Running is powerful form of exercise. In the great game of you vs. you, it’s all about the strength, power and focus that comes from within. Fellow New Yorker, Jay Asparro will be embarking on these challenges when he will run a collective 75 miles this November (48.8 miles from Jones Beach to Teddy Roosevelt Park in Oyster Bay and the next morning he will run 26.2 miles at the New York City Marathon). This intense endeavor is driven by his passion to raise money for The Long Island Alzheimer’s Foundation, a disease his grandmother, Ann, battles everyday. Last year he completed this same run, finishing 90 miles, tired yet inspired by how the awareness of his run had raised $38,000 for the Foundation. This year, the 75 miles represents what would have been his grandparent’s 75th wedding anniversary. Leading up to the run, Jay partners with local business to help raise money and awareness for his cause. This has included family bowling events to selling purple bagels at a Long Island based deli to the first annual Ann Asparro 5K. We had the pleasure to learn more about this run and the incredible cause during our recent interview with Jay. Read on to check out more about him and his cause-driven run.
Interview with Jay Asparro on Running, Causes and Inspiration
Wellness Patterns: How did the idea to raise money through running come about? Why running?
Jay Asparro: I feel as though most people do not like running. If I am going to run an Ultra-Marathon, I believe I’ll be able to grab the attention of these people. Everyone knows the NYC Marathon but I don’t think anyone has heard of someone running 48.8 miles the day before the marathon. Then there are those people who love running. Most do not run more than a marathon, so I felt with an Ultra-Marathon, I could grab the attention of these people as well.
Wellness Patterns: Your goal is 75 miles for this upcoming goal! How do you train for that?
Jay Asparro: I’ll be running 48.8 miles on Sat. Nov. 4th and 26.2 miles on Sun. Nov. 5th at the NYC Marathon. I hired my running coach, Patrick Hammond, from Educated Running and he puts my running schedule together for me. Unfortunately, I sprained my ankle in March and have a torn ligament in my ankle. So I swim, bike, and take hot yoga classes on top of my running 4x a week.
For recovery purposes, I take Epsom salt baths, go to Cryotherapy at Cryofit in Syosset, NY, go to Physical Therapy, get massages, and I do push-ups, sit-ups, stretch and roll everyday.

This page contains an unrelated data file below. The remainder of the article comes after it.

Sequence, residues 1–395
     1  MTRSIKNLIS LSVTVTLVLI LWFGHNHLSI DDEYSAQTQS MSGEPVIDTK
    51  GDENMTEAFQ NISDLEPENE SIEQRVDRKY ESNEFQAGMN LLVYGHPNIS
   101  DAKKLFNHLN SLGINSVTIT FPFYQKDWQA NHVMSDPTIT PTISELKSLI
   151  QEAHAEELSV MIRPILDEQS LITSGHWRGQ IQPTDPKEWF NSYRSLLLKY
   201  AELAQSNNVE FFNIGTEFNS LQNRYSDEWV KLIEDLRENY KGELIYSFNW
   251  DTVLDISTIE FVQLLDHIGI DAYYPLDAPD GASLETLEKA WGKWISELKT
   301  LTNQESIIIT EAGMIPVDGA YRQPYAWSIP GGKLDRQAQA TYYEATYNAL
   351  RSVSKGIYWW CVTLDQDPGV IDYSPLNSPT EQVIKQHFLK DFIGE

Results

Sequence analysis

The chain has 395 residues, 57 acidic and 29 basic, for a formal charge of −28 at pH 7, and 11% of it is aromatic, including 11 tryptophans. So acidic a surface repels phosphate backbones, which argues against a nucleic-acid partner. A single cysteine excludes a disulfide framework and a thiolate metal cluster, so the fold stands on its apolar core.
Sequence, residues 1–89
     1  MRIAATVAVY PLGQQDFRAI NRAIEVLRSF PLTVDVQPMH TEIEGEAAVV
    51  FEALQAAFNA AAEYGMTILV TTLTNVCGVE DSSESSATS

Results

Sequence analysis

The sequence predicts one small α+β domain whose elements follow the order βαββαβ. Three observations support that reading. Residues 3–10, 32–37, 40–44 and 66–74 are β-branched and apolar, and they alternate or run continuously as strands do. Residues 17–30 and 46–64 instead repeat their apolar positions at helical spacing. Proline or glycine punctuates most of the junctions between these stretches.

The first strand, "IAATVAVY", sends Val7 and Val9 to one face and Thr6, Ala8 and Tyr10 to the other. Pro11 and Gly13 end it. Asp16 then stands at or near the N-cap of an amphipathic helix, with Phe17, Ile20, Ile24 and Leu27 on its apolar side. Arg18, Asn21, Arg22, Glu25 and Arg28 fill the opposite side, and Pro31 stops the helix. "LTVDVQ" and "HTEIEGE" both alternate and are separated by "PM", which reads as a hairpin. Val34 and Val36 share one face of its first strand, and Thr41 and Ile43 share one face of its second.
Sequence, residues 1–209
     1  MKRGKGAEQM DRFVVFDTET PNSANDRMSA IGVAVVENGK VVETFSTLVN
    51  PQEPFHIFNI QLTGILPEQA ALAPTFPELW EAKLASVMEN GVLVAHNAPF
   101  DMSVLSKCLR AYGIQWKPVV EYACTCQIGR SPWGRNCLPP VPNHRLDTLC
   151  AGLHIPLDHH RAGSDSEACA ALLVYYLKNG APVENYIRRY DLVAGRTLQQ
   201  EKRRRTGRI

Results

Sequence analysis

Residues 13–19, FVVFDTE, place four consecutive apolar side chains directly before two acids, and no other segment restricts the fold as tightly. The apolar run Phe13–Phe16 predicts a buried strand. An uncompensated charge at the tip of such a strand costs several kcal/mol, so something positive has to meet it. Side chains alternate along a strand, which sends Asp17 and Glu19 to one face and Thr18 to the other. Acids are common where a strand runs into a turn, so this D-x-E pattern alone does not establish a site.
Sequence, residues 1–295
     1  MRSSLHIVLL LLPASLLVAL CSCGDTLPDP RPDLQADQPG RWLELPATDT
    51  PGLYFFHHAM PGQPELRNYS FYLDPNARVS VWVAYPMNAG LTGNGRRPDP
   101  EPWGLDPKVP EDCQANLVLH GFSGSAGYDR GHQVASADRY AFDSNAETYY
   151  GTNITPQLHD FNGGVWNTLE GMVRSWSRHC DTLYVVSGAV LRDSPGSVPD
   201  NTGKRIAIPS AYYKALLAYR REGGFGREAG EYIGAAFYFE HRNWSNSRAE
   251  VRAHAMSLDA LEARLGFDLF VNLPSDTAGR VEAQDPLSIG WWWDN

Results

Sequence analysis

Nutrition is extremely important as well. So I’m constantly on top of my food intake eating good carbs (brown rice, sweet potatoes), protein (chicken and fish) and drinking at least 100 oz of water a day.
Wellness Patterns: What has been the reaction to your run?
Jay Asparro: When I tell people about my 75 mile run, their eyes get big and they tell me I’m crazy. Then I explain to them that I am running in honor of my grandmother to raise awareness for Alzheimer’s, then they understand. 90% of the time I tell someone I’m running to raise awareness for Alzheimer’s, they begin to tell me someone they know who is living with Alzheimer’s.
As for media attention, I believe it is still too early to get their attention. I’m hoping when the run gets closer- TV, Radio, and any other media outlets will give me an opportunity to speak about Alzheimer’s and the impact it has had on my family.
Wellness Patterns: Why was it important for you to do this for your Grandmother?
Jay Asparro: Unfortunately, my grandmother doesn’t know who I am anymore. I know who my grandmother is and I refuse to have Alzheimer’s define my grandmother’s life. My grandmother lived with Faith, Joy and Love for her Family. That is what I run for and I always appreciate an opportunity to talk about my grandmother. She has three sons, who married three great women, she has seven grandchildren and 13 great-grandchildren that she loves and is very proud of. I run all of these miles with love for my grandmother and my family.
Wellness Patterns: What’s something you’ve learned first-hand about Alzheimer’s?
Jay Asparro: I’ve seen the toll it takes on the caregivers. My parents, Aunt and Uncle are the caregivers for my grandmother. I also run for them because I know how much they have sacrificed to be there for my grandmother everyday. Their strength and love for my grandmother is something that helps me train when I don’t want to train.
Again, when I talk to people about Alzheimer’s, I’ve met caregivers and I see the stress and pain they have gone through or going through. I not only run for my family but I run for families living with Alzheimer’ and families who have lived through Alzheimer’s.
Wellness Patterns: How can someone help out if they aren’t a runner?
Jay Asparro: I’m raising money for the Long Island Alzheimer’s foundation, so donations would be greatly appreciated. They can go to www.theannasparrorun.com and click on the donate link. If people want to help me promote the run, that would be great as well. They can email me at email@example.com.
Below is more information about the Long Island Alzheimer’s Foundation:
For 29 years, LIAF has been providing supportive community-based services to Alzheimer’s families on Long Island. LIAF offers critically needed social adult day programs for individuals facing Alzheimer’s disease and related dementias and their caregivers. LIAF takes considerable pride in its pioneering role in the development of cutting edge services that foster the independence, dignity, well-being and safety of individuals with Alzheimer’s. LIAF is pleased to announce that the organization’s headquarters have relocated to a new state-of-the-art facility at 1025 Old Country Road in Westbury. The more centrally-located facility will provide the opportunity to bring services and programs more easily to those who need them. A special community open house and grand opening celebration is planned for spring 2017. For information call (516) 767-6856 or visit www.liaf.org.